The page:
Negative Real Interest Rates Are Here to Stay: Implications for Real Estate Performance
Because of unprecedented debt levels accumulated by developed governments, a negative real interest rate environment is likely to persist for the long-term.
Many developed nation governments have breached debt levels of over 100% of gross domestic product (“GDP”) since the Global Financial Crisis of 2008-09 (“GFC”) – Canada included at 116%. This is not just a government problem, but a private sector problem as well. Total global debt, which includes households, corporations, and governments, is currently over $303 trillion – representing 351% of global GDP. This means quite simply that with no new debt added, world GDP will have to grow 3.5 times the cost of interest on this debt just to service the interest expense and keep the 350% debt to GDP constant.
Negative real interest rates are here to stay for the long-term as government debt burdens likely cannot be reduced otherwise. Episodes of runaway inflation (similar to the current environment) will need to be tempered to ensure economic and social stability, but inflation will ultimately have to run moderately higher than interest rates. Resultingly, real estate performance should thrive in this environment as the asset class has proven to provide protection against higher inflation and thrive in a longer-term lower interest rate environment.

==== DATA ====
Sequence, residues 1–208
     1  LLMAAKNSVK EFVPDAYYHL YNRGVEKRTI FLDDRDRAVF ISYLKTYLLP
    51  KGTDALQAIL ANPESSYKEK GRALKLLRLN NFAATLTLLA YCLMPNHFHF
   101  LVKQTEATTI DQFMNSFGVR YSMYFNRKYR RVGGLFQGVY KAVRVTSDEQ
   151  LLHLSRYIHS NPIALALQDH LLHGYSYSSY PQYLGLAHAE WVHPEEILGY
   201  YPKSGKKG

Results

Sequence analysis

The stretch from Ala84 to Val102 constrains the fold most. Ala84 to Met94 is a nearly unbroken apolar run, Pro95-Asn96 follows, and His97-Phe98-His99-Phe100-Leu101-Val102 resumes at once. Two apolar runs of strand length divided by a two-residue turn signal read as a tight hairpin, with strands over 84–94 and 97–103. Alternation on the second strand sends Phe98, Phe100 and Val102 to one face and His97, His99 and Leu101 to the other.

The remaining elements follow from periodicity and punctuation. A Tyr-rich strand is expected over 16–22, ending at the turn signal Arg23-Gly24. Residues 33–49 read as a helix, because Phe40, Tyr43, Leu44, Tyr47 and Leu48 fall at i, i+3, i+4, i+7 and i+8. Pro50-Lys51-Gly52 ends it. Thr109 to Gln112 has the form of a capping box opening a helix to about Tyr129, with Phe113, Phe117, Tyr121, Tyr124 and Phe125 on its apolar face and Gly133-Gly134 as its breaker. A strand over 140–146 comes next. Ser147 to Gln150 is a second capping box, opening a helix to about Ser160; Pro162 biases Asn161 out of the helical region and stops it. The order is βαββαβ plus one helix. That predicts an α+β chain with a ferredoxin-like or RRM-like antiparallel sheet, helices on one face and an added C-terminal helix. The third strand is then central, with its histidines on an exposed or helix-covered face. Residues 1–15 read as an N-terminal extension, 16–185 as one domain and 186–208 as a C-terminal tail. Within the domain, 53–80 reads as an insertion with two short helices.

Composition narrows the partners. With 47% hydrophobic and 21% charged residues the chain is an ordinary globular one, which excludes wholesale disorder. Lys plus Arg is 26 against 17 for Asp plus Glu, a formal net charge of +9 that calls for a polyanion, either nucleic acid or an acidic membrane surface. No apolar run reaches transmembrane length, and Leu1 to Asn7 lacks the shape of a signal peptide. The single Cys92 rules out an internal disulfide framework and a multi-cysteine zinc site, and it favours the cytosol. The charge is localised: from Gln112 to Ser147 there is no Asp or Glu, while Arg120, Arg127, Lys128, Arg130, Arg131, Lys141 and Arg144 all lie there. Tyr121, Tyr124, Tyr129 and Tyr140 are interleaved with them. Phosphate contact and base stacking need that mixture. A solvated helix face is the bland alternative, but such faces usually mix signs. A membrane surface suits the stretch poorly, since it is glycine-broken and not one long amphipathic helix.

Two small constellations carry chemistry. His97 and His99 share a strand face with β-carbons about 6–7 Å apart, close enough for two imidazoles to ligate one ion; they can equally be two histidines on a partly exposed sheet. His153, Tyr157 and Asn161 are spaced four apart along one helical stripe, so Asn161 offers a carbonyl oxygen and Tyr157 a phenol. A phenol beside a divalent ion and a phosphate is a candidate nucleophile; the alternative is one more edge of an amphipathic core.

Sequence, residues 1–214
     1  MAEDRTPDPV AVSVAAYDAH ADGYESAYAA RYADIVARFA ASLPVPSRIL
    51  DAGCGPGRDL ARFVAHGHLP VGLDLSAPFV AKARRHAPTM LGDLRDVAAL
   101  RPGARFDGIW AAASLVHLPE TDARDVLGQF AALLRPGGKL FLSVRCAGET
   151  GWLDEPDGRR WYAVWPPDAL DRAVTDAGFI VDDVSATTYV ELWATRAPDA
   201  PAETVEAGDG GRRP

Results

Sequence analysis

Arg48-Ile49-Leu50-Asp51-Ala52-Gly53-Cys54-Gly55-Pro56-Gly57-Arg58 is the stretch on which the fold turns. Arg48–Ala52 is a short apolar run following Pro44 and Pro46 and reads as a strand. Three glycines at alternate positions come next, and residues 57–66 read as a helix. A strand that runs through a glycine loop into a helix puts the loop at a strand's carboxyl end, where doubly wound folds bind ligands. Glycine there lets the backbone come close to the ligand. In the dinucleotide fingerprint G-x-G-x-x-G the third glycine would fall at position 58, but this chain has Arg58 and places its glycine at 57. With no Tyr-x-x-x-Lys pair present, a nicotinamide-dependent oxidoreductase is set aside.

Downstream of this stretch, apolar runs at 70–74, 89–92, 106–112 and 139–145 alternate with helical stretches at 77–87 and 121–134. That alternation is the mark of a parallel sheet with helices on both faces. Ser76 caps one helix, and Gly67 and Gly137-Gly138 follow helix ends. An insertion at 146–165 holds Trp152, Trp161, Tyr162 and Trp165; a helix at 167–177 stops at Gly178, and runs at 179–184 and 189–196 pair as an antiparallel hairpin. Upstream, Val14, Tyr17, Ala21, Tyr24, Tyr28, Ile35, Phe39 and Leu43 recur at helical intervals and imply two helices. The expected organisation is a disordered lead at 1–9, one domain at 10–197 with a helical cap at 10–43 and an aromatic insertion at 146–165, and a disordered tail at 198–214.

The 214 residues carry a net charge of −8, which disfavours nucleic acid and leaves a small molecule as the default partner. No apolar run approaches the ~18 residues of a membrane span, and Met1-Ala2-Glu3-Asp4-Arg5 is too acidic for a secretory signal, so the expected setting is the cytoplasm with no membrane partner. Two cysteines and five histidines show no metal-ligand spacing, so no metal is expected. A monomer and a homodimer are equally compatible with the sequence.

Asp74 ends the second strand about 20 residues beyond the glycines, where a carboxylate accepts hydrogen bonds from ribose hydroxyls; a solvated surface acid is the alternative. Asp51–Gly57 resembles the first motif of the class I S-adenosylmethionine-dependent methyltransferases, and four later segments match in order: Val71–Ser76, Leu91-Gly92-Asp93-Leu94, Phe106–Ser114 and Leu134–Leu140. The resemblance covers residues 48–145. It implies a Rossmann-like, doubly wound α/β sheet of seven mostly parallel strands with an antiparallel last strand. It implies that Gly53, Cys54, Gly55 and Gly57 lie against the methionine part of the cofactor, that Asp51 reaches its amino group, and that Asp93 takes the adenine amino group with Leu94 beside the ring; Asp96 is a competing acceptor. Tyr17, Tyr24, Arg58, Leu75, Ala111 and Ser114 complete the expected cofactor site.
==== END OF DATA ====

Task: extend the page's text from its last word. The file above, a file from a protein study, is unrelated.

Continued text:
We invite you to explore our Strategy, Planning and Analytics team’s research to learn about negative real interest rates and their implications for real estate performance.
Because of unprecedented debt levels accumulated by developed governments, a negative real interest rate environment is likely to persist for the long-term. This environment will allow real estate performance to thrive.
But what is a “Real” Interest rate?
An interest rate is the percentage of principal charged by the lender to a borrower for the use of its money.